The position of Balthasar seems to me to be the orthodox. It does not contradict any ecumenical councils of definitions of the faith. It can be reconciled with everything in Scripture, at least if the statements of Jesus on hell are taken as minatory rather than predictive. Balthasar’s position, moreover, does not undermine a healthy fear of being lost. But the position is at least adventurous. It runs against the obvious interpretation of the words of Jesus in the New Testament and against the dominant theological opinion down through the centuries, which maintains that some, and in fact very many, are lost.
How many people will go to hell is another continuous issue. Jesus’ words on the subject are somewhat ominous. Throughout his time on earth he offered his hearers only two options after death. Everlasting happiness for those chosen to dwell with God. Everlasting misery for those who reject or are rejected by God. “Many are called but few are chosen” (Matthew 22:14), he declared, repeating the point about the high failure rate with metaphoric references to narrow gates and camels having difficulty in passing through the eye of a needle. These statements were traditionally interpreted to mean that the majority of those who die will be lost and will go to hell.
My 19th-century ancestor the Rev. Aitken and his ilk would have approved of the tradition and disapproved of the loss of it in the 21st century. But I agree with Avery Dulles when he wrote: “The search for numbers in the demography of hell is futile… it is good that God has left us without exact information. If we knew that virtually everybody would be damned we would be tempted to despair. If we knew that all or nearly all are saved, we might become presumptuous. If we knew that some fixed percent, say fifty, would be saved we would be caught in an unholy rivalry.”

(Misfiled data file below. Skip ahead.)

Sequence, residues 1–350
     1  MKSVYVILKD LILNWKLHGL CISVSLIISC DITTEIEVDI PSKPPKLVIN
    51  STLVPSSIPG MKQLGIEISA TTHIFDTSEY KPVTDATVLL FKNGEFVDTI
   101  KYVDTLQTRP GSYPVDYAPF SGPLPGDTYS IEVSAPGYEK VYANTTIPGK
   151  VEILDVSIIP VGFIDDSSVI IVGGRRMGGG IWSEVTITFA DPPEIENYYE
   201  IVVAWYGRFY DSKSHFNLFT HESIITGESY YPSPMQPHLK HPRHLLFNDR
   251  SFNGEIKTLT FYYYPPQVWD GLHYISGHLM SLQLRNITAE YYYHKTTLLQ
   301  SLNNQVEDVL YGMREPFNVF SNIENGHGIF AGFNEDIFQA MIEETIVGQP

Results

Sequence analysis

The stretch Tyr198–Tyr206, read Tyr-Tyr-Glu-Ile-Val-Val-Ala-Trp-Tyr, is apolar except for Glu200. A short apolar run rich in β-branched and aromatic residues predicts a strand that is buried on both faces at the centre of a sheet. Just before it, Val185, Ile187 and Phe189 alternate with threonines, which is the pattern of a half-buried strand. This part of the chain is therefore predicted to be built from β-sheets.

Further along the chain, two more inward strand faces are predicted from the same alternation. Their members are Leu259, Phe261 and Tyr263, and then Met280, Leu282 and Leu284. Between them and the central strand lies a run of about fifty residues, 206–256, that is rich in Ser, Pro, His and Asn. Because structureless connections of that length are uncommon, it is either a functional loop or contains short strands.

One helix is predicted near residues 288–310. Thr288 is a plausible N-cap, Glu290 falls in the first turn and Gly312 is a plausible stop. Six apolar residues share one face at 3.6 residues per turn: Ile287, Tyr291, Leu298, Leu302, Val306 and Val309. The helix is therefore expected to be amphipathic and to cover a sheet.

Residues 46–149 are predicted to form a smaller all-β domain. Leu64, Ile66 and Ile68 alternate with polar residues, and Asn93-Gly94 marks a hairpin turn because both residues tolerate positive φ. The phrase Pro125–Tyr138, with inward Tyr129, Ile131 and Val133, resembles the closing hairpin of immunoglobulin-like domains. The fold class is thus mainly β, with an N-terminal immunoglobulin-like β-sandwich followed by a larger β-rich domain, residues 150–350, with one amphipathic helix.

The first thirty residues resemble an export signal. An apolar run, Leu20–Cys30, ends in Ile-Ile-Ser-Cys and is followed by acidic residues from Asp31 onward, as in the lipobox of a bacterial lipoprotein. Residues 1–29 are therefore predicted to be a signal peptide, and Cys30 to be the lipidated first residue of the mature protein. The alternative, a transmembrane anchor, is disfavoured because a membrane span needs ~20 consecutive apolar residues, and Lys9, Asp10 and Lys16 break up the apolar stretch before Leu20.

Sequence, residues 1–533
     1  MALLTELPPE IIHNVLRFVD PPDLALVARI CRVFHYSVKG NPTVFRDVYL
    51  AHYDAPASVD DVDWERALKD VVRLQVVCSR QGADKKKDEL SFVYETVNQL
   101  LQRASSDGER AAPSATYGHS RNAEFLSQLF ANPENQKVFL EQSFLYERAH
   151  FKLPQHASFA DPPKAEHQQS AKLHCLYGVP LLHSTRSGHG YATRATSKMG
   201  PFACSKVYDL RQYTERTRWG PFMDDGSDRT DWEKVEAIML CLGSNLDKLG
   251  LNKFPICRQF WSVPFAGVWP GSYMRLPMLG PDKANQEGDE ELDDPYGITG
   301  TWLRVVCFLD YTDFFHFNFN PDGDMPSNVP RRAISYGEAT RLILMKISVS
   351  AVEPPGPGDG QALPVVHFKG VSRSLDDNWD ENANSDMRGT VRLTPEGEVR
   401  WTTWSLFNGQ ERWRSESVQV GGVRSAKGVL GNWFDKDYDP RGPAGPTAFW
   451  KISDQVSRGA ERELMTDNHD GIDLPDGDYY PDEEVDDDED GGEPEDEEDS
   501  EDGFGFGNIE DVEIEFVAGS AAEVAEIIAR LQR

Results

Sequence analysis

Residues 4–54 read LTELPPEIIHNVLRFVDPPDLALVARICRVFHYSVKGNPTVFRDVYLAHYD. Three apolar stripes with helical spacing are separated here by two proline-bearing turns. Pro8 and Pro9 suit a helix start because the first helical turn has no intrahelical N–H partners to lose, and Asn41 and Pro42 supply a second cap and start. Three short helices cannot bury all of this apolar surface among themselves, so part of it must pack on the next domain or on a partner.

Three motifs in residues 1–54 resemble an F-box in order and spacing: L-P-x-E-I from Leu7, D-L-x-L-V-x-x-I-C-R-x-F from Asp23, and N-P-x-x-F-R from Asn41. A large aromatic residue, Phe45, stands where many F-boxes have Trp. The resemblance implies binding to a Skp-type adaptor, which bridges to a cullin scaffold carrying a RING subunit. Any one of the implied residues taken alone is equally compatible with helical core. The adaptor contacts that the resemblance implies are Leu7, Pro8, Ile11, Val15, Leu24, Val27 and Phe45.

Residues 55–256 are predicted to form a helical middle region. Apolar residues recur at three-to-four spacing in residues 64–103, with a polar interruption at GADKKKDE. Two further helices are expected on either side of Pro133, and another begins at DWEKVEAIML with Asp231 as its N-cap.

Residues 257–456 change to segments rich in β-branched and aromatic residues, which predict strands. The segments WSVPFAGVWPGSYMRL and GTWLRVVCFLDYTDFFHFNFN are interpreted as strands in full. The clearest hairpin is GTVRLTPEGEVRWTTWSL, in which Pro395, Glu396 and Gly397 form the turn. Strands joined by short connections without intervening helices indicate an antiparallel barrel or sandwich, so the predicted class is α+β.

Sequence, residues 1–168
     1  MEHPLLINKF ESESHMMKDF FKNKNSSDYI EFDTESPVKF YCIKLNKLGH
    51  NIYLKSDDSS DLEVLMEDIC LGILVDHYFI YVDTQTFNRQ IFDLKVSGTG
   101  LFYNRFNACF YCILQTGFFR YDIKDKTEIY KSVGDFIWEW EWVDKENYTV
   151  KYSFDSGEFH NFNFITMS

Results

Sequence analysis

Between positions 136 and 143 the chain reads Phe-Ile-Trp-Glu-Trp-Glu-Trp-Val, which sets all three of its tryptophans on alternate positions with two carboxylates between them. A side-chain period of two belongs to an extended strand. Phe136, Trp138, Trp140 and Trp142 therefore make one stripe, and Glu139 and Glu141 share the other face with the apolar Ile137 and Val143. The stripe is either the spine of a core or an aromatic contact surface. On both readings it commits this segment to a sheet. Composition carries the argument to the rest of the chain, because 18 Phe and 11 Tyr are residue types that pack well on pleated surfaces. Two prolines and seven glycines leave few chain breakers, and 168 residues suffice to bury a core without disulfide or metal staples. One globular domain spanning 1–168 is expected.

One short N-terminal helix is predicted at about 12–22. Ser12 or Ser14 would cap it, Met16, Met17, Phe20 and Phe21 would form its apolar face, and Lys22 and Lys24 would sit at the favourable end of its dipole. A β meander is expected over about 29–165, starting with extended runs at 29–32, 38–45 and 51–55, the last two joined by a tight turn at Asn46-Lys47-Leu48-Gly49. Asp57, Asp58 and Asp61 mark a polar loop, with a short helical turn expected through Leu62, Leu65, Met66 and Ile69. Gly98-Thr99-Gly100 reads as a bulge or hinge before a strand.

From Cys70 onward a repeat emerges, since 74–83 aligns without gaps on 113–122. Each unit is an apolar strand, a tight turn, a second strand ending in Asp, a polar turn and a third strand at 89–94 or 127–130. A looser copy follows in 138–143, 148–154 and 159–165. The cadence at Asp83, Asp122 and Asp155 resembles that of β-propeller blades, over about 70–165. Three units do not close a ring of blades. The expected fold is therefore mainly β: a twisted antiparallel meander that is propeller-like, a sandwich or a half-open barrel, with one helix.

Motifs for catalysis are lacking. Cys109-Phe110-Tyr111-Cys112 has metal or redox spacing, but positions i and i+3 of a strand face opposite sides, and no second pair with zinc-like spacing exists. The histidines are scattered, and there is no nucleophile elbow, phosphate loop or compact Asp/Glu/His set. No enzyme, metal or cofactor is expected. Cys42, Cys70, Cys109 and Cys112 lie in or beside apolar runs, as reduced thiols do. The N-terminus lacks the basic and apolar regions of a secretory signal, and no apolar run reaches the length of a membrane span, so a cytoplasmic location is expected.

Actually, there’s been plenty of holy rivalry on the subject of hell. Yet despite all the fire and brimstone that’s been thrown down from pulpits about it across the centuries, nobody has a clue who will be going there. Even Judas may have repented in the nick of time. We just don’t know.
My guess is that hell does exist and that its population will be full of surprises. The only sure way of not having to find out more about those surprises is to obey Jesus’ first words recorded in the Gospels, “Repent and believe the good news.”
Jonathan Aitken, The American Spectator‘s “High Spirits” columnist, is the author of seven books, including Nixon: A Life. This article appeared in the March issue of The American Spectator.